Massaro House - Frank Lloyd Wright´s posthumous work


 Architecture Architects House Frank Lloyd Wright Massaro House Thomas Heinz

The Massaro House long building, similar to a yacht, anchored off a rocky island in the Mahopac lake in upstate New York. Its silhouette is projected upon the water in long horizontal lines; concrete, glass, stone and copper blend surprisingly well with the surrounding natural landscape. This house, projected by the famous American architect Frank Lloyd Wright over 50 years ago, was finally built in 2005.

 Architecture Architects House Frank Lloyd Wright Massaro House Thomas Heinz

When Joe and Barbara Massaro bought the land, years ago, they noticed there already was a project done by Wright in the 1950s for the previous owner. The project didn't have much information, just a few rough sketches, among which there was a plan, a cut and the façade; no indications for the construction, no details whatsoever. Still, from the little they saw, the Massaro's were impressed and convinced that they wanted to build their house according to Wright's project.

They hired architect Thomas A. Heinz, that, for many years, had studied and been responsible for many restaurations of Wright's works and that, through scarce available information, was able to produce a complete project, as faithful as possible to the original idea. It was, mostly, a variation from the concepts used in Usonian Houses and the famous Falling Water, with which it has remarkable similarities.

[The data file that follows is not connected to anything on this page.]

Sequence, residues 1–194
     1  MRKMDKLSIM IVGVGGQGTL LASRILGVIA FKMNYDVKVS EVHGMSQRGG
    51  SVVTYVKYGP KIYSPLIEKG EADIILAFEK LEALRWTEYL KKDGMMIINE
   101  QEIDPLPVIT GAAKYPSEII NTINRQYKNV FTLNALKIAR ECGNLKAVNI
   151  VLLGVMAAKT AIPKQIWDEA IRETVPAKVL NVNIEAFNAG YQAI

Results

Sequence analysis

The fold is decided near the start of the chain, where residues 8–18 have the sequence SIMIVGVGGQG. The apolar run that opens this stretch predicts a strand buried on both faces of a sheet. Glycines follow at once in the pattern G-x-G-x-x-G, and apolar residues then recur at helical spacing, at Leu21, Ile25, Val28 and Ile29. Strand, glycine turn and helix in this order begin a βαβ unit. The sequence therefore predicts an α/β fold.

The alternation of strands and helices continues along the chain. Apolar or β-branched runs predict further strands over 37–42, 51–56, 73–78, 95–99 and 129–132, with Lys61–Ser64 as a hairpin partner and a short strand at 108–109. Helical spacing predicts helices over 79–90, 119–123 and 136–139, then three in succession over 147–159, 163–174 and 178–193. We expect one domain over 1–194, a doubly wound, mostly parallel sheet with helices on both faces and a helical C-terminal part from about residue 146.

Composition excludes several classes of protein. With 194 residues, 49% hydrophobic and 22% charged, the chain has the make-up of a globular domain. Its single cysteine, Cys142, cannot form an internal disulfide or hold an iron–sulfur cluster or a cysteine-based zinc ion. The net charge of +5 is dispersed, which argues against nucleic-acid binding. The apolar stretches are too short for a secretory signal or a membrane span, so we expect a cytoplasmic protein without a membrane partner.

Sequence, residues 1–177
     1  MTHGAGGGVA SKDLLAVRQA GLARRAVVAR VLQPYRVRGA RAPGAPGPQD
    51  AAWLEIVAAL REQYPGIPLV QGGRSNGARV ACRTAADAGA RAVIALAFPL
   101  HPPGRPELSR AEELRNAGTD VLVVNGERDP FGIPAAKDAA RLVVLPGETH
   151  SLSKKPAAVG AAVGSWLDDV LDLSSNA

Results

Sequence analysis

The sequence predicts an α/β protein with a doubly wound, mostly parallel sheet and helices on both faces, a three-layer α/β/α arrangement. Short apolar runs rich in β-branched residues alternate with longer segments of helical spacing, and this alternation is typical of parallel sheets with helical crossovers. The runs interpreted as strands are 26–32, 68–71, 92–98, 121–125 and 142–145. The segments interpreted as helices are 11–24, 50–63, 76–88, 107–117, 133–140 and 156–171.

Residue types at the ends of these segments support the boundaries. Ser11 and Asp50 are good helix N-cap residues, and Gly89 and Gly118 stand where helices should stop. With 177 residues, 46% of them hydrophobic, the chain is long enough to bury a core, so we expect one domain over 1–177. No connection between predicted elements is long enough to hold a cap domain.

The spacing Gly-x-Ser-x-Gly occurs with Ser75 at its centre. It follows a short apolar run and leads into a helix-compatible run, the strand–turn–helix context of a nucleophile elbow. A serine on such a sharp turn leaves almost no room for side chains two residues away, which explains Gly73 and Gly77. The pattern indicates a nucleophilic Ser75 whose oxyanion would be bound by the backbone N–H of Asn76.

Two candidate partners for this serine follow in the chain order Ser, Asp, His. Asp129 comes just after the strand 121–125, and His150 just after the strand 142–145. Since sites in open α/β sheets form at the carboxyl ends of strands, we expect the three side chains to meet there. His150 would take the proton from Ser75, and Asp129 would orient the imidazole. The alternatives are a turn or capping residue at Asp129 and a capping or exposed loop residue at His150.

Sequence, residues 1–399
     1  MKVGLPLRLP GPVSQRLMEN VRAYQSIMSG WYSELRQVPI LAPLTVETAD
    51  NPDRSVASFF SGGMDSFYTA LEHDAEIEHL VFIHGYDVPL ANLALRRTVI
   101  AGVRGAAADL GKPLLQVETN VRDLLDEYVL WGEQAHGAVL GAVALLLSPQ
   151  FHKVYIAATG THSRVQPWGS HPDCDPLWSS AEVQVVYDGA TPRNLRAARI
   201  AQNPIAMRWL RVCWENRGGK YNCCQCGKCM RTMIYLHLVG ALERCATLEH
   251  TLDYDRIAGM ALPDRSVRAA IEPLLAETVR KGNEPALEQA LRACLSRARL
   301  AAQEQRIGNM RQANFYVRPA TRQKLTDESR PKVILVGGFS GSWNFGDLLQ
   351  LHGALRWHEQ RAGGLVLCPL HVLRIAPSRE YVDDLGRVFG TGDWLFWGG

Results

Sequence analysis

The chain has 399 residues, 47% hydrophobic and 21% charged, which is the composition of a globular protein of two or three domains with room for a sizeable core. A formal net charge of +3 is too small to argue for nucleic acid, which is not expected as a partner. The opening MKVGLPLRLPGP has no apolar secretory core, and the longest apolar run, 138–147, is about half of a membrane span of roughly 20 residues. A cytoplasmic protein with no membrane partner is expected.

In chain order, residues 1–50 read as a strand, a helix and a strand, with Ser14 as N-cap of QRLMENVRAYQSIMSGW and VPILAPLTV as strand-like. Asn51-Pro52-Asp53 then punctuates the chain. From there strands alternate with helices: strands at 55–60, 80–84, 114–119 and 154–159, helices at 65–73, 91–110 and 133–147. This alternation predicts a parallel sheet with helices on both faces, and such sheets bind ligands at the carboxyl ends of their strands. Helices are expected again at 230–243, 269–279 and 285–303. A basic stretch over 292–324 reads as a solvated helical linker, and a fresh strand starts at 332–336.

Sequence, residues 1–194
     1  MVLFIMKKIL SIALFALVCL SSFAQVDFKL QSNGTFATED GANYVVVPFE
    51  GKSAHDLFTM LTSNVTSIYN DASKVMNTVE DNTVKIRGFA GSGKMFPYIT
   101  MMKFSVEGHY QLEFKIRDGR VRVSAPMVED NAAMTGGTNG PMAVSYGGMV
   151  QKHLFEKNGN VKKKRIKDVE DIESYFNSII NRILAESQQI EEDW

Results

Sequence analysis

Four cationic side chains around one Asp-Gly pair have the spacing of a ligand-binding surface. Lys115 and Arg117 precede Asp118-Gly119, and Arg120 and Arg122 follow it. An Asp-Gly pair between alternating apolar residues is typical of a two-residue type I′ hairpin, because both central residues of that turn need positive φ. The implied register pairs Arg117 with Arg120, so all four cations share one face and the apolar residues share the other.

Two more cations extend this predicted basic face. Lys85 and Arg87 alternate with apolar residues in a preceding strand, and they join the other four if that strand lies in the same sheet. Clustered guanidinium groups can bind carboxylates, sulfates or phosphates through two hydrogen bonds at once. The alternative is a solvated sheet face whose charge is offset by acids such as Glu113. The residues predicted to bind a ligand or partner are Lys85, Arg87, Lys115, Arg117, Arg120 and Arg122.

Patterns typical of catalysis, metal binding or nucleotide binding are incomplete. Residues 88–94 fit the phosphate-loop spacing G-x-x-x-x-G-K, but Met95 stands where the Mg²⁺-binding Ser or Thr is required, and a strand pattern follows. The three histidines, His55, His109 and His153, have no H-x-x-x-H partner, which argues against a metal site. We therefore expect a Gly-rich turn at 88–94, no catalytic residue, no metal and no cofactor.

Regardless of the innate qualities of the house that has now been built and the valuable History lesson that this "time travel" gave, there are other important issues at hand here. The most evident one is the sense that building a project designed 55 years ago makes, in a totally different context. It's like, in a radical perspective, if we built, today, a Greek temple... That's the only way of understanding why, instead of being a ravishing and innovative work (as Wright's work was indubitably, in his time), the end result seems pathetic and out-of-place.

Wright, certainly, wouldn't agree. We hope he is turning over in his grave...

 Architecture Architects House Frank Lloyd Wright Massaro House Thomas Heinz

 Architecture Architects House Frank Lloyd Wright Massaro House Thomas Heinz

 Architecture Architects House Frank Lloyd Wright Massaro House Thomas Heinz

 Architecture Architects House Frank Lloyd Wright Massaro House Thomas Heinz

 Architecture Architects House Frank Lloyd Wright Massaro House Thomas Heinz

 Architecture Architects House Frank Lloyd Wright Massaro House Thomas Heinz

 Architecture Architects House Frank Lloyd Wright Massaro House Thomas Heinz

 Architecture Architects House Frank Lloyd Wright Massaro House Thomas Heinz

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